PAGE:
2.4 Using High-resolution Airborne Remote Sensing to Quantify Aerosol near Clouds

Tuesday, 12 January 2016: 9:15 AM
Room 357 ( New Orleans Ernest N. Morial Convention Center)
Robert Levy, NASA/GSFC, Greenbelt, MD; and L. Munchak and S. Mattoo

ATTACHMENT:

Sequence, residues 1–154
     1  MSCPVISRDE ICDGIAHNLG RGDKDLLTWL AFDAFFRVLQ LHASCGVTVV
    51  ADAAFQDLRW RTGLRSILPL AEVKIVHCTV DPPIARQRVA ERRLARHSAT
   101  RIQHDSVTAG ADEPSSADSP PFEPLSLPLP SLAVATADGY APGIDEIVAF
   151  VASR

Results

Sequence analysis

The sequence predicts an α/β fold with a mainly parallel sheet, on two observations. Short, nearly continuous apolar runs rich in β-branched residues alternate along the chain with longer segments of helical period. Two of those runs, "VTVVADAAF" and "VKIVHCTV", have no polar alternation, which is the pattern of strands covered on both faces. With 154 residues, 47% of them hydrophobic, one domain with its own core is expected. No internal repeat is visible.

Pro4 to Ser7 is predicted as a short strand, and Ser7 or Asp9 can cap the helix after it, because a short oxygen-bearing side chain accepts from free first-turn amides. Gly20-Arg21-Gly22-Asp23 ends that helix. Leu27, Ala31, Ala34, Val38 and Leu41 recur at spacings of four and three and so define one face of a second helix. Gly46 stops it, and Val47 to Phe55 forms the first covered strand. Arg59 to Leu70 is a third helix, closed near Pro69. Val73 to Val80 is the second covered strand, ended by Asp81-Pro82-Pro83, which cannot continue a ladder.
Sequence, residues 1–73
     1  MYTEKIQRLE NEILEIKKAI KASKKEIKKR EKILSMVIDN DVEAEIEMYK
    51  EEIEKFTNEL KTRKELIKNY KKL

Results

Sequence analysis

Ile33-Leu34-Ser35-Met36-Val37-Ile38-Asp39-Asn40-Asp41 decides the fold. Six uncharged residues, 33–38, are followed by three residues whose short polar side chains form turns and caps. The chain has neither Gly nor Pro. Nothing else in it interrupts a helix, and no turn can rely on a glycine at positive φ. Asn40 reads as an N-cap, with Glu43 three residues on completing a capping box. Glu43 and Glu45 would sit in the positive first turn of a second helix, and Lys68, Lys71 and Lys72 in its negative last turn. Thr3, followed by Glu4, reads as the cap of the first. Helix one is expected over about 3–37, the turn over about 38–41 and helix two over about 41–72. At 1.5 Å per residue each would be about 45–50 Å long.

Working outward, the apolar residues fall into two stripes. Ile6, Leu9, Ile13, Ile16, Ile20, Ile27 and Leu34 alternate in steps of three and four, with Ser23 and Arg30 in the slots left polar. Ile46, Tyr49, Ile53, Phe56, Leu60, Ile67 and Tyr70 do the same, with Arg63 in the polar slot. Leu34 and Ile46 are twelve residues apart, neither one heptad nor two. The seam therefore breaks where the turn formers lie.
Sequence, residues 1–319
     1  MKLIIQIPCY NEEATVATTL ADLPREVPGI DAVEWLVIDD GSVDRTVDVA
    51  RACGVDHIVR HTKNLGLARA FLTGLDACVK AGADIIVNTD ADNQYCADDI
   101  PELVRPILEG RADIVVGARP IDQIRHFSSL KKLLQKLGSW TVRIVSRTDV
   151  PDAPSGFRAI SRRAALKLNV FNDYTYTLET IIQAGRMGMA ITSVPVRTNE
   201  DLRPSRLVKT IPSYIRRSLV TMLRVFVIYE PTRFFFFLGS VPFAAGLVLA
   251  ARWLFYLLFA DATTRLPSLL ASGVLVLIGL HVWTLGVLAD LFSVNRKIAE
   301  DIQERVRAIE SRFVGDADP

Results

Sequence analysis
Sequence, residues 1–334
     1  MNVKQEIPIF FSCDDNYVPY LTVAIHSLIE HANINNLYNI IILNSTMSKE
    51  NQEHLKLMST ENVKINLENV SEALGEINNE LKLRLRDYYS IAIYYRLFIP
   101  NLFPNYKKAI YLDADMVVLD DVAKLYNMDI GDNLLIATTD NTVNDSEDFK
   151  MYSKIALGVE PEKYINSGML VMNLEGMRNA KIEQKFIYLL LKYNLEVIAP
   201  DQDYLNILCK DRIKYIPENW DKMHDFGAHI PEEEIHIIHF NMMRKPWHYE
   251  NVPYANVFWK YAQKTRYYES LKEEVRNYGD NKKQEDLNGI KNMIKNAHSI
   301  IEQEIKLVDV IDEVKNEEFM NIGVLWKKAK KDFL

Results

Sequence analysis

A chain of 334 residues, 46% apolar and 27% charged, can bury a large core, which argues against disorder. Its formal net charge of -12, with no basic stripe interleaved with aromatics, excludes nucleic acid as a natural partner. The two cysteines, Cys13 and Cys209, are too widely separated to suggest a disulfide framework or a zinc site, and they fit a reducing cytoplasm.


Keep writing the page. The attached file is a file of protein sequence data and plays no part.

The horizontal space in between clear and cloudy air is very complex. This so-called twilight zone includes activated aerosols that are not quite clouds, thin cloud fragments that are not easily observable, and dying clouds that have not quite disappeared. This is a huge challenge for satellite remote sensing, specifically for retrieval of aerosol properties. Identifying what is “cloud” versus what is “not cloud” is critically important for attributing radiative effects and forcings to aerosols. At the same time, the radiative interactions between clouds and the surrounding media (molecules, surface and aerosols themselves) will contaminate retrieval of aerosol properties, even in clear skies. Most studies on aerosol/cloud interactions are relevant to “moderate” resolution imagery (e.g. ~500 m) from sensors such as MODIS. Since standard aerosol retrieval algorithms tend to keep a distance (e.g. 1 km) from the nearest detected cloud, it is impossible to evaluate what happens closer to the cloud. During Studies of Emissions, Atmospheric Composition, Clouds and Climate Coupling by Regional Surveys (SEAC4RS), the NASA ER-2 flew with the enhanced MODIS Airborne Simulator (eMAS), providing MODIS-like spectral observations at “high” (~50 m) spatial resolution. We have applied MODIS-like aerosol retrieval for the eMAS data, providing new detail to characterization of aerosol near clouds. Interpretation and evaluation of these eMAS aerosol retrievals is aided by independent MODIS-like cloud retrievals, as well as profiles from the co-flying Cloud Physics Lidar (CPL). Understanding aerosol/cloud retrieval at high resolution will lead to better characterization and interpretation of long-term, global products from lower resolution (e.g. MODIS) satellite retrievals.
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